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February 2022 Connect with us Facebook Twitter Sign up  |  Archive  |  Advertise
Editor's e-Note
The consequences of bullying can last a lifetime. Heartbreaking stories touch far too many families, leaving many in disarray.

Fortunately, social workers are equipped with the skills to make a difference, stepping into potential volatile situations to prevent tragedy. For many working in education settings, it’s important to get out in front of problems before they escalate.

We welcome your comments at Visit our website at, like our Facebook page, and follow us on Twitter.

— Lee DeOrio, editorial director
e-News Exclusive
Bullying and Suicide:
How Social Workers Can Help

By Elizabeth Drucker

According to the Centers for Disease Control and Prevention (CDC), both bullying and suicide are major public health problems that significantly affect youth in the United States. While the CDC explains that there is not a direct causal link between the two, it is known that they greatly influence each other. The students who are most at risk for both bullying and suicide are youth with disabilities and learning differences. LGBTQ youth are also more frequently targeted in bullying situations and have a higher rate of suicide. Bullying can mean a lot of different things, but the CDC explains that it “includes actions such as making threats, spreading rumors, attacking someone physically or verbally, and excluding someone from a group on purpose.”

Suicide is a major concern for social workers of all stripes. The CDC collects data on this emerging public health issue, including among young adults. For example, they found that in the span of one year, “nearly 14% of American high school students seriously consider suicide, nearly 11% make plans about how they would end their lives, and 6.3% actually attempt suicide.” In order to reduce one major risk factor for suicide, bullying, social workers should learn more about the ins and outs of this social problem and how they can use their specialized skills to assist and advocate for young people in their communities.

Full story »
Industry Insight
MercyFirst Appoints Chief Quality Officer

MercyFirst, a social service organization serving the children, youth, and families of Brooklyn, Queens, and Long Island since 1894, announces the appointment of Mary Jane Dessables, LMSW, as the agency’s chief quality officer. Dessables will oversee the performance and quality improvement department responsible for the overall information, program and operational quality, compliance, program data tracking, reporting, and quality and performance improvement processes across MercyFirst’s programs and services. She will report directly to the president and CEO.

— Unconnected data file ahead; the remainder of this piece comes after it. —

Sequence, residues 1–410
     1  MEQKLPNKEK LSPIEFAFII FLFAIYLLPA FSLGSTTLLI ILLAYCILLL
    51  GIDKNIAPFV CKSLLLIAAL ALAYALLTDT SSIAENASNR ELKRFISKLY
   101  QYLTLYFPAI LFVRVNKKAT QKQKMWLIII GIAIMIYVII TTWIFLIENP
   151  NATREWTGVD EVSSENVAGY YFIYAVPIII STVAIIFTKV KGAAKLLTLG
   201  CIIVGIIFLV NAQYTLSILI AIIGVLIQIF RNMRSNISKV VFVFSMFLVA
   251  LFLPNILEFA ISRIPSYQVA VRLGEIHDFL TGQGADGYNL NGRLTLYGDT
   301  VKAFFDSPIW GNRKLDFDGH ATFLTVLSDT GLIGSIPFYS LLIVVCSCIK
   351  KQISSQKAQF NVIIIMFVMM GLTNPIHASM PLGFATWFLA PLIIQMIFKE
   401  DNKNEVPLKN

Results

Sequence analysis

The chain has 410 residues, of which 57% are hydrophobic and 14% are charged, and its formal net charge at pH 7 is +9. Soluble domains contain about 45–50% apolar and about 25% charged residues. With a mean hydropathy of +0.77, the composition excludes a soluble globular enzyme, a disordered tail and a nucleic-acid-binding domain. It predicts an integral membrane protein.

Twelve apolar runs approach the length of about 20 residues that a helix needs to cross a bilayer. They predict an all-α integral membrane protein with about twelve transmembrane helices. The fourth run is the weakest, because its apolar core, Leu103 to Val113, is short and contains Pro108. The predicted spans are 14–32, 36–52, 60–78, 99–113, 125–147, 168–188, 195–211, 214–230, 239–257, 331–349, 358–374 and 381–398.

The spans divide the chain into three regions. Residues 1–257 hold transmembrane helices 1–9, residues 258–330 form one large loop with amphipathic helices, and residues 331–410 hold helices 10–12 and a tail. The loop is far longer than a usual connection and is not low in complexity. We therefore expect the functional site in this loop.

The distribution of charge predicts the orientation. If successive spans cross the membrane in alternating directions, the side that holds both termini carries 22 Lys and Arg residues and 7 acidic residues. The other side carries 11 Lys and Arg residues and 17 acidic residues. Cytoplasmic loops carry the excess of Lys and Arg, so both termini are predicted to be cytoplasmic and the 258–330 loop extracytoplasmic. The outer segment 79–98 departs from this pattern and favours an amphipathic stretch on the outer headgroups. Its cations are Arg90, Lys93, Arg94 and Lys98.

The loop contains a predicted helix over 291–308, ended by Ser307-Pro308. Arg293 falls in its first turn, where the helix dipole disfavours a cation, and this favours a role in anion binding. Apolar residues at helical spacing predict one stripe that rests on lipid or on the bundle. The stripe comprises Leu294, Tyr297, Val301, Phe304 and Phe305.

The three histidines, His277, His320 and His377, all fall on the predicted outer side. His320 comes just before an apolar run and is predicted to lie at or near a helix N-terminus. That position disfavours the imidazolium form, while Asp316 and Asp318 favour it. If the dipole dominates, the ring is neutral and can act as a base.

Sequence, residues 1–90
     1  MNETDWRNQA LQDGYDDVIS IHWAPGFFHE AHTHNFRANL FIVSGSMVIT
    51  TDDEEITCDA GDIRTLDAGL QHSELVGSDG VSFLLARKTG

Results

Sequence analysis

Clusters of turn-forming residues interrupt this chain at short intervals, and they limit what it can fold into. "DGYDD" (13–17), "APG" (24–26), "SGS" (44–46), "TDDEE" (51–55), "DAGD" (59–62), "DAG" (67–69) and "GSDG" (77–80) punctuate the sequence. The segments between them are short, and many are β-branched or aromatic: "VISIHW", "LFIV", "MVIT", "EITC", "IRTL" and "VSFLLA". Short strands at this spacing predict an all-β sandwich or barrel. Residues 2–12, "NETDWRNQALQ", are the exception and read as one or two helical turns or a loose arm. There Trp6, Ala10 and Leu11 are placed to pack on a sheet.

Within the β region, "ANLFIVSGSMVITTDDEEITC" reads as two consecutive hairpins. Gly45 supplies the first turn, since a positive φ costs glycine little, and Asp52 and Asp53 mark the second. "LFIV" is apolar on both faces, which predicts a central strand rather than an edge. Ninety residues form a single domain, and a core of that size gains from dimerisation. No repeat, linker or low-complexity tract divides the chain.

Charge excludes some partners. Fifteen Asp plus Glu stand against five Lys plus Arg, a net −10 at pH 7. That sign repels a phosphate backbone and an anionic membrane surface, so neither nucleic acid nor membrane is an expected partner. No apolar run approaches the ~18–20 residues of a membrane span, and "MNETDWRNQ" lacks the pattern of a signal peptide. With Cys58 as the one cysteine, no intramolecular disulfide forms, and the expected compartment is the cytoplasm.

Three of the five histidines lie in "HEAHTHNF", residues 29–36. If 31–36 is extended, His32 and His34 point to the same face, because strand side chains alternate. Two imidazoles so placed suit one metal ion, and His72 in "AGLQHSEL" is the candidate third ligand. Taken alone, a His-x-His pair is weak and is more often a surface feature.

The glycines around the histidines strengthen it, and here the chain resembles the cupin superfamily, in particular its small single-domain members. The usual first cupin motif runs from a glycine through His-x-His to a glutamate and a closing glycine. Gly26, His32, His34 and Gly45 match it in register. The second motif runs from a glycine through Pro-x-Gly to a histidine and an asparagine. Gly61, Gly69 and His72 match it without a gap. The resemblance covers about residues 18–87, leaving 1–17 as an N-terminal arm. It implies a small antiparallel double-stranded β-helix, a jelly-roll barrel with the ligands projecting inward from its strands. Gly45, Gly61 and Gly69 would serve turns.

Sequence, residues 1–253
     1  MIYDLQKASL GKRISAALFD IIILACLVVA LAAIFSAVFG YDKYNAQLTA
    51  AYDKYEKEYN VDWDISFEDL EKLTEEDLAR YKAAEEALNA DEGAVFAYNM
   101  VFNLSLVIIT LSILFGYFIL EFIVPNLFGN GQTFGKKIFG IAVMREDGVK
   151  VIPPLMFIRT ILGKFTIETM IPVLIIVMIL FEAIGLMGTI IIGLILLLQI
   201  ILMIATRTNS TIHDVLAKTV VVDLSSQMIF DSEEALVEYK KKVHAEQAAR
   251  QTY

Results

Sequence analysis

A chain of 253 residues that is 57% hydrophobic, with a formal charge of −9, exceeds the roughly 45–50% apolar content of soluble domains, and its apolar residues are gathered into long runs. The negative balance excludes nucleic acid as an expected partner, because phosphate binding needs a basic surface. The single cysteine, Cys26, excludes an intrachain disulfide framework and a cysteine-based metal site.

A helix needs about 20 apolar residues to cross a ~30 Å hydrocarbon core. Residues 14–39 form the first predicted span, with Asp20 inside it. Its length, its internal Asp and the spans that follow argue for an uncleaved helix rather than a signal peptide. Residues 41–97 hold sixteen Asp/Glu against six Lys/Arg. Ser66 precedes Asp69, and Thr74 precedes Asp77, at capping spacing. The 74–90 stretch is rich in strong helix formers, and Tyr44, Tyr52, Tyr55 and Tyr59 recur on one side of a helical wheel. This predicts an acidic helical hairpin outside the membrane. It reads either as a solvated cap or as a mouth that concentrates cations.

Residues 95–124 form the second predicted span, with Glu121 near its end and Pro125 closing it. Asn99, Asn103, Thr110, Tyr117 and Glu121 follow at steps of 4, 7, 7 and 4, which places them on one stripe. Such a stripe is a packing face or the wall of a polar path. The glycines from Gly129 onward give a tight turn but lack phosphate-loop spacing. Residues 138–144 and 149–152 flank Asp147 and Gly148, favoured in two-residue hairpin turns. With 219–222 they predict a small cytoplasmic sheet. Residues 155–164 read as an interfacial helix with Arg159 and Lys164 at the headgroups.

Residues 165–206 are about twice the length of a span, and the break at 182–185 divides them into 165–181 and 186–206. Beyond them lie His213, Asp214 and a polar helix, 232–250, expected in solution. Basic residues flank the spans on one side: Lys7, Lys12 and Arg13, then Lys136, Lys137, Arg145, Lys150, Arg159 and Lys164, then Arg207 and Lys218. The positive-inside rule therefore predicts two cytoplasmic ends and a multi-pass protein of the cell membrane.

“We are delighted to welcome Mary Jane to MercyFirst and to have someone with her experience help the agency develop and roll out strategies to further enhance the quality of care for the 3,000 children and families we serve annually,” says Renée Skolaski, MercyFirst President and CEO. “Mary Jane’s vast knowledge of child and family services advocacy on all levels—New York State child welfare regulations and data systems, New York City child welfare regulations and policy, and current family and children research and practice trends—makes her the perfect candidate for this important leadership position.”

“I am thrilled to join MercyFirst and play a role in helping the agency continue making a difference in the lives of struggling children and families,” Dessables says. “I look forward to collaborating with the agency’s dedicated team of experts to carry out MercyFirst’s mission of helping those in need through high-quality programs and services consistent with industry best practices, accrediting bodies, and regulatory requirements.”

Read more »
Products & Services
NYU Launches the Latinx in Social Work Discussion Series

The New York University Silver School of Social Work has partnered with alumna and Sandoval CoLab founder Erica Sandoval to launch the “Latinx in Social Work Discussion Series,” virtual panels featuring authors from Latinx in Social Work exploring themes from the book.

An initiative from workplace wellness and equity consulting firm Sandoval CoLab, Latinx in Social Work is an anthology of personal essays written by 22 Latinx social workers that calls awareness to the racism, bias, and discrimination experienced by social workers. Published by Fig Factor Media, the book is a revolutionary step in creating a movement that is committed to owning Latinx narratives, naming common but unspoken struggles, and driving practitioners’ own healing. The book has been introduced in schools of social work curricula—including the NYU Silver School of Social Work—as a mirror to reflect the experiences of Latinx students and a tool to help students of other backgrounds understand the need for cultural humility in their practice. Latinx in Social Work will soon be followed by a Spanish translation and a second volume.

Read more »
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More Than One-Third of Young Adult U.S. Men Involved in Technology-Related Abuse, Study Finds
Researchers at Michigan Medicine - University of Michigan studied how young American men engage in abusive relationships via technology.

Cervical Cancer Kills Black Women at a Disproportionately Higher Rate Than Whites
Black women are more likely to have a late-stage diagnosis of cervical cancer and are more likely to die of the disease than white women, reports NPR.
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